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This scholarship is for students who are Florida residents three years old through graduation from 12th grade or age 22 (whichever comes first) in an eligible Florida private school or home education program who have been diagnosed with one of the following disabilities:



The medical term for the life-threatening allergic reactions that may occur when allergic individuals are exposed to specific allergens. Anaphylaxis is a collection of symptoms affecting multiple systems in the body.


Autism Spectrum Disorder

As defined in the Diagnostic and Statistical Manual of Mental Disorders, Fifth Edition, published by the American Psychiatric Association.


Cerebral palsy

A group of disabling symptoms of extended duration which results from damage to the developing brain that may occur before, during, or after birth and that results in the loss or impairment of control over voluntary muscles. For the purposes of this definition, cerebral palsy does not include those symptoms or impairments resulting solely from a stroke.


Down syndrome

A disorder caused by the presence of an extra chromosome 21.


Dual Sensory Impaired

A student who has dual-sensory impairments affecting both vision and hearing, the combination of which causes a serious impairment in the abilities to acquire information, communicate, or function within the environment, or who has a degenerative condition which will lead to such an impairment.


Emotional or Behavioral Disability

A student with an emotional/behavioral disability has persistent (is not sufficiently responsive to implemented evidence based interventions) and consistent emotional or behavioral responses that adversely affect performance in the educational environment that cannot be attributed to age, culture, gender, or ethnicity.


Hearing Impairment

A student who is deaf or hard-of-hearing has a hearing loss aided or unaided, that impacts the processing of linguistic information, and which adversely affects performance in the educational environment. The degree of loss may range from mild to profound.


High-risk child

A 3–5-year-old*, being a high-risk child with a developmental delay in cognition, language, or physical development.  (*On or before September 1 of the school year.)


Hospital or Homebound

A student who has a medically diagnosed physical or psychiatric condition which is acute or catastrophic in nature, or a chronic illness, or a repeated intermittent illness due to a persisting medical problem and that confines the student to home or hospital and restricts activities for more than six months. (FLDOE definition/current IEP required.)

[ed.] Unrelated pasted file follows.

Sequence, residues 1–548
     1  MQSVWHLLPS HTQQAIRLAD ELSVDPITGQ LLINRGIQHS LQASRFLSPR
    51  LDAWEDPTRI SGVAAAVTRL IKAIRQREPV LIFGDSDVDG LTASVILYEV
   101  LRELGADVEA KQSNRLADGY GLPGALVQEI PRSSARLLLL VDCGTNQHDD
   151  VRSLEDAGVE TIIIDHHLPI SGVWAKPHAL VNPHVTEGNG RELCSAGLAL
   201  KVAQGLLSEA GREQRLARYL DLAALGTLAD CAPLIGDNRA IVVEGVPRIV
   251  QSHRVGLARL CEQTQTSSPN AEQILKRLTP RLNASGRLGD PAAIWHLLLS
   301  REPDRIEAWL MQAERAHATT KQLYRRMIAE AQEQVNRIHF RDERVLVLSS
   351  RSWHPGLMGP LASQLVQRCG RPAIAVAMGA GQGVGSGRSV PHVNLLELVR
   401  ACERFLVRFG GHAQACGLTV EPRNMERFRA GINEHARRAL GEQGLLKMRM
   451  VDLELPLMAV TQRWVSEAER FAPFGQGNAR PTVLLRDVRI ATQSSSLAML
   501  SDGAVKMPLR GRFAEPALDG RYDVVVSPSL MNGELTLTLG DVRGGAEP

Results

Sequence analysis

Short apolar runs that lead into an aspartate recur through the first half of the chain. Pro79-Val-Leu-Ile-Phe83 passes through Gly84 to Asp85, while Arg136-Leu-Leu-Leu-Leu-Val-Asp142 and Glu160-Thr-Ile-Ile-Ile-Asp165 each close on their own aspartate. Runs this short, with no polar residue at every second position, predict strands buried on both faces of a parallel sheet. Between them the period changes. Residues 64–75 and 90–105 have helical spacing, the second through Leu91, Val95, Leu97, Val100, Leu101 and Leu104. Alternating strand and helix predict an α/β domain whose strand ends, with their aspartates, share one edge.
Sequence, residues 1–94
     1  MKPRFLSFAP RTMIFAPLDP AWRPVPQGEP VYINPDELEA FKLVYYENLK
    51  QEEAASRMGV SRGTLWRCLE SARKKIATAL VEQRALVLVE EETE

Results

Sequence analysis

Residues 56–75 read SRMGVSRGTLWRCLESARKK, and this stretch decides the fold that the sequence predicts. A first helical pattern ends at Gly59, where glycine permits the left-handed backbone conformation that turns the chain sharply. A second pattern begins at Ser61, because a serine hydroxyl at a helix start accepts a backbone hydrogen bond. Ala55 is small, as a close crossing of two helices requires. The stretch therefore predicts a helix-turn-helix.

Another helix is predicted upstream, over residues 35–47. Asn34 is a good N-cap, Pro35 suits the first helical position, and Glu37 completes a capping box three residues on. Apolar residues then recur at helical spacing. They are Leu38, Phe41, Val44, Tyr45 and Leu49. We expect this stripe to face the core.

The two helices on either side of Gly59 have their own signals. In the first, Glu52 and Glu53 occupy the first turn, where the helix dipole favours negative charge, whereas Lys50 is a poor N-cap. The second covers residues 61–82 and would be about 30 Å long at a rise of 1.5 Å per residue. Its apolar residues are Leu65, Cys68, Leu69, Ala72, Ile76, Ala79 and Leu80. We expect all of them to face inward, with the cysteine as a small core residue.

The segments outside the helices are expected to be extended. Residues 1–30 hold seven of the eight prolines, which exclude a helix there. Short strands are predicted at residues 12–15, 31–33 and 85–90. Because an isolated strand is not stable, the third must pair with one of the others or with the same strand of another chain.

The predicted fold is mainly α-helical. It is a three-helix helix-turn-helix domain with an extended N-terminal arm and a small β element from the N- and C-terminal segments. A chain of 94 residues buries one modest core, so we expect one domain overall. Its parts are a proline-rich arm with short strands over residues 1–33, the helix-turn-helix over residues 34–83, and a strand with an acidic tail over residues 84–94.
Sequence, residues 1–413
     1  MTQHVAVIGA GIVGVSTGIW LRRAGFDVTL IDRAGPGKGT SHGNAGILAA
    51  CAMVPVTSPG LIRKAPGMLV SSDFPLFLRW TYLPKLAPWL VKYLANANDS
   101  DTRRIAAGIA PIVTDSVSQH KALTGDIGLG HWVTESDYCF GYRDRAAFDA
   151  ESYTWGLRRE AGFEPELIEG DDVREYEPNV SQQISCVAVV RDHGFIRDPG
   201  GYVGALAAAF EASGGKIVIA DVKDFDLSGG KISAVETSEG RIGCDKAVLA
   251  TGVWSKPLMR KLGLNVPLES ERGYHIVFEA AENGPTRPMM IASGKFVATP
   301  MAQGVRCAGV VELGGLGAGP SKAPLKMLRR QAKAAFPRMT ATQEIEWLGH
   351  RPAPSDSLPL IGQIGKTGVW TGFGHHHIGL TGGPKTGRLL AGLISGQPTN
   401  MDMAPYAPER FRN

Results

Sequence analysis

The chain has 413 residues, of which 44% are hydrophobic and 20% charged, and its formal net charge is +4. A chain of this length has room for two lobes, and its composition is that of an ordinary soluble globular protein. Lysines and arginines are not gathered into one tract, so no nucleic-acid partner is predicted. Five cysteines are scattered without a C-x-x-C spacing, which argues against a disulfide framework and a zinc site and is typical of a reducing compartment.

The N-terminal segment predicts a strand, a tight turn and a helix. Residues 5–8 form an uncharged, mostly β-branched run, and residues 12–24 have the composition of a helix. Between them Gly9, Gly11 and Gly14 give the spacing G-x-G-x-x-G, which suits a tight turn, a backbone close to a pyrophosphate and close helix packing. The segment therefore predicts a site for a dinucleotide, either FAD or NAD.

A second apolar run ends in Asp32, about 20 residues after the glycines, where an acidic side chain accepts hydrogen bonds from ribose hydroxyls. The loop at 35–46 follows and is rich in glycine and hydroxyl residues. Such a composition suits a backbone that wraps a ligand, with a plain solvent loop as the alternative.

Intellectual Disability

Significantly sub average general intellectual functioning existing concurrently with deficits in adaptive behavior which manifests before the age of 18 and can reasonably be expected to continue indefinitely. For the purposes of this definition, the term:

  • "Adaptive behavior” means the effectiveness or degree with which an individual meets the standards of personal independence and social responsibility expected of his or her age, cultural group, and community.


  • “Significantly sub average general intellectual functioning” means performance that is two or more standard deviations from the mean score on a standardized intelligence test specified in the rules of the agency.


Language Impairment

Language impairments are disorders of language that interfere with communication, adversely affect performance and/or functioning in the student’s typical learning environment, and result in the need for exceptional student education. A Language impairment is defined as a disorder in one or more of the basic learning processes involved in understanding or in using spoken or written language. These include Phonology, Morphology, Syntax, Semantics, Pragmatics. 

The language impairment may manifest in significant difficulties affecting listening comprehension, oral expression, social interaction, reading, writing, or spelling. A language impairment is not primarily the result of factors related to chronological age, gender, culture, ethnicity, or limited English proficiency.

Muscular Dystrophy

Muscular dystrophies are a group of muscle diseases caused by mutations in a person’s genes. Over time, muscle weakness decreases mobility, making everyday tasks difficult. There are many kinds of muscular dystrophy, each affecting specific muscle groups, with signs and symptoms appearing at different ages, and varying in severity.


Other Health Impairment

Other health impairment means having limited strength, vitality or alertness, including a heightened alertness to environmental stimuli, that results in limited alertness with respect to the educational environment, that is due to chronic or acute health problems. This includes, but is not limited to, asthma, attention deficit disorder or attention deficit hyperactivity disorder, Tourette syndrome, diabetes, epilepsy, a heart condition, hemophilia, lead poisoning, leukemia, nephritis, rheumatic fever, sickle cell anemia, and acquired brain injury.


Orthopedic Impairment